They make it a point, as much as possible, to use authentic Indonesian ingredients and spices, making their own sambal, saus kacang (peanut sauce), and tempeh (which is like tofu but better, tastier, and healthier). They even grow their own Indonesian chillies and herbs to ensure that the flavors are as true to the cuisine as possible. But they also bring in special Indonesian ingredients which cannot be found here, even the butter. The result is dishes which are homey, uncomplicated, and delicious Indonesian comfort food.

Warung Kapitolyo is on 83 East Capitol Drive in Pasig. It’s open from Monday to Saturday, from lunch to dinner. To make reservations, you may call 0917.534.7089. On Sundays, you can drop by their stall at the Legazpi Sunday Market in Makati and get your Indonesian food fix right there and then or to go. Warung, after all, means a stall or stand in Bahasa.

 

Prosciutto di Quack-quack

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When you hear prosciutto, no doubt you immediately think of that delightful dry-cured Italian ham made from a hog’s leg. But if you are fortunate enough to come across it, you should try duck or goose prosciutto. Familiar as we all are with the traditional prosciutto made from pigs, this is an entirely different, divine, and ducky experience.

Prosciutto d’Oca

It seems the Jewish community in Italy and all over Europe, forbidden by religious law to eat pork, had found a way to enjoy a more Kosher prosciutto, using duck or goose. According to food writer  , “…Jews in every country in the Diaspora found ways to create kosher versions of their neighbors’ food. Italian Jews took duck and smoked it to create duck prosciutto, the kosher cousin to the famous Italian salted ham.”

And I am so happy that they did. Goose or duck prosciutto has its own distinct rich flavor that’s a league all on its own. It tastes salty-sweet with a slight gamey sharpness that goes perfectly with a full-bodied, bold red, like a Pinot Noir or Malbec. It was no surprise that all the duck or goose prosciutto slices (I’m not exactly sure which one it is but I think it was duck) served at the Cheese Club were polished off in under an hour, while all the other deli meats offered had to settle for second choice.

Now, can anyone tell me please where I can buy duck prosciutto here in Manila?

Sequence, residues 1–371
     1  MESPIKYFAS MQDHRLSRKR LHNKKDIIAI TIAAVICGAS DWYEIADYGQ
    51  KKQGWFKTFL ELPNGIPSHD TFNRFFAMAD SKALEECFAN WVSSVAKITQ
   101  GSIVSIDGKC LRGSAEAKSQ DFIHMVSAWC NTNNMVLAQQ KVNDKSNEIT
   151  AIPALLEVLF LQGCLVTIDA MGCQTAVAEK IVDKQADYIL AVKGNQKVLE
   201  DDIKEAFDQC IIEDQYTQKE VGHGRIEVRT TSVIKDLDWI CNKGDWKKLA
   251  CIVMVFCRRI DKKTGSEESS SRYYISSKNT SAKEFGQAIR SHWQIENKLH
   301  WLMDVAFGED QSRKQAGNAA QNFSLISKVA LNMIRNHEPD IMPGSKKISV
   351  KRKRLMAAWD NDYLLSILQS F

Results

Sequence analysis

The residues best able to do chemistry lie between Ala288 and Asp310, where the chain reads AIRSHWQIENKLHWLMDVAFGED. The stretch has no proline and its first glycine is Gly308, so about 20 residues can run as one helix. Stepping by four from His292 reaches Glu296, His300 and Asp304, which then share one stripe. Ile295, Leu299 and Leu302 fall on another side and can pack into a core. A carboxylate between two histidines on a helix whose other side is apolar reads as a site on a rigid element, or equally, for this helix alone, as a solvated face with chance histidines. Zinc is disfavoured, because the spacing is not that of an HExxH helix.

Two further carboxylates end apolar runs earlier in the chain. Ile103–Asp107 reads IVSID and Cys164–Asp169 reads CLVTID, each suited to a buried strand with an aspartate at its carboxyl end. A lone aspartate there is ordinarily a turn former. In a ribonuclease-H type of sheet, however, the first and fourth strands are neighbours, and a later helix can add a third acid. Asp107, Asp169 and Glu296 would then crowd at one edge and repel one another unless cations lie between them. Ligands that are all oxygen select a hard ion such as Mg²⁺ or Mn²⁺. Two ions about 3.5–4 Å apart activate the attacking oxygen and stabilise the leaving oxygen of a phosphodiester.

VENGO! — your neighborhood café & taquería

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If you’re jonesing for traditional and authentic Mexican food… no, this is not the place for you. But if you like flavorful, modern, Mexican-INSPIRED food and drinks, then yes, ven aquí a Vengo!

My favorite is the Pork Cheek Confit Taco — crispy-fried pork cheek and chicharon in a soft taco. They make their tacos and tortillas fresh everyday. I like washing it down with one of their signature cocktails, like that Sweep The Leg drink made with gin, cucumber, mint, lime,and a splash of water with orris root essence. Light and refreshing on a sun-blasted Manila day. Or night.

It’s a cafe and restaurant in one, offering a lot of tasty, Mexican-fusion dishes to choose from — from salads and tortillas to rice bowls — as well as an array of coffee concoctions and cocktail drinks. Vengo Neighborhood Cafe has a branch on Carlos Palanca St. (just off De La Rosa St.) in Legaspi Village in Makati. It’s open from 11am onwards. 

Burgers at UCC Mentoré

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I “discovered” great burgers at an unlikely spot — UCC Mentoré. A cozy and often overlooked oasis in the middle of the Raffles and Fairmont Hotels at the Glorietta Complex in Makati. When you think UCC, you most likely think just Japanese + coffee. But they serve great and delicious food there, from soups, salads, and sandwiches to pasta and pastries.

Mentore Burger: 1/3 lb US Angus beef burger with caramelized onions and blue cheese. Served with wedged fries.

Sloppy Joe Burger : Grilled beef patty smothered in cheese sauce and marinara, topped with onions and a fried egg. Served with wedged fries.

Araya Ramen

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Araya Ramen restaurant sits unobtrusively beside the exit ramp and beneath the De la Rosa Car Park 1 in Legaspi Village in Makati. It reminds me a lot of Tokyo’s small ramen-yas in and underneath the city’s train stations, serving quick and simple but good and hearty steaming bowls of ramen for the harried workers and the time-pressed salarymen.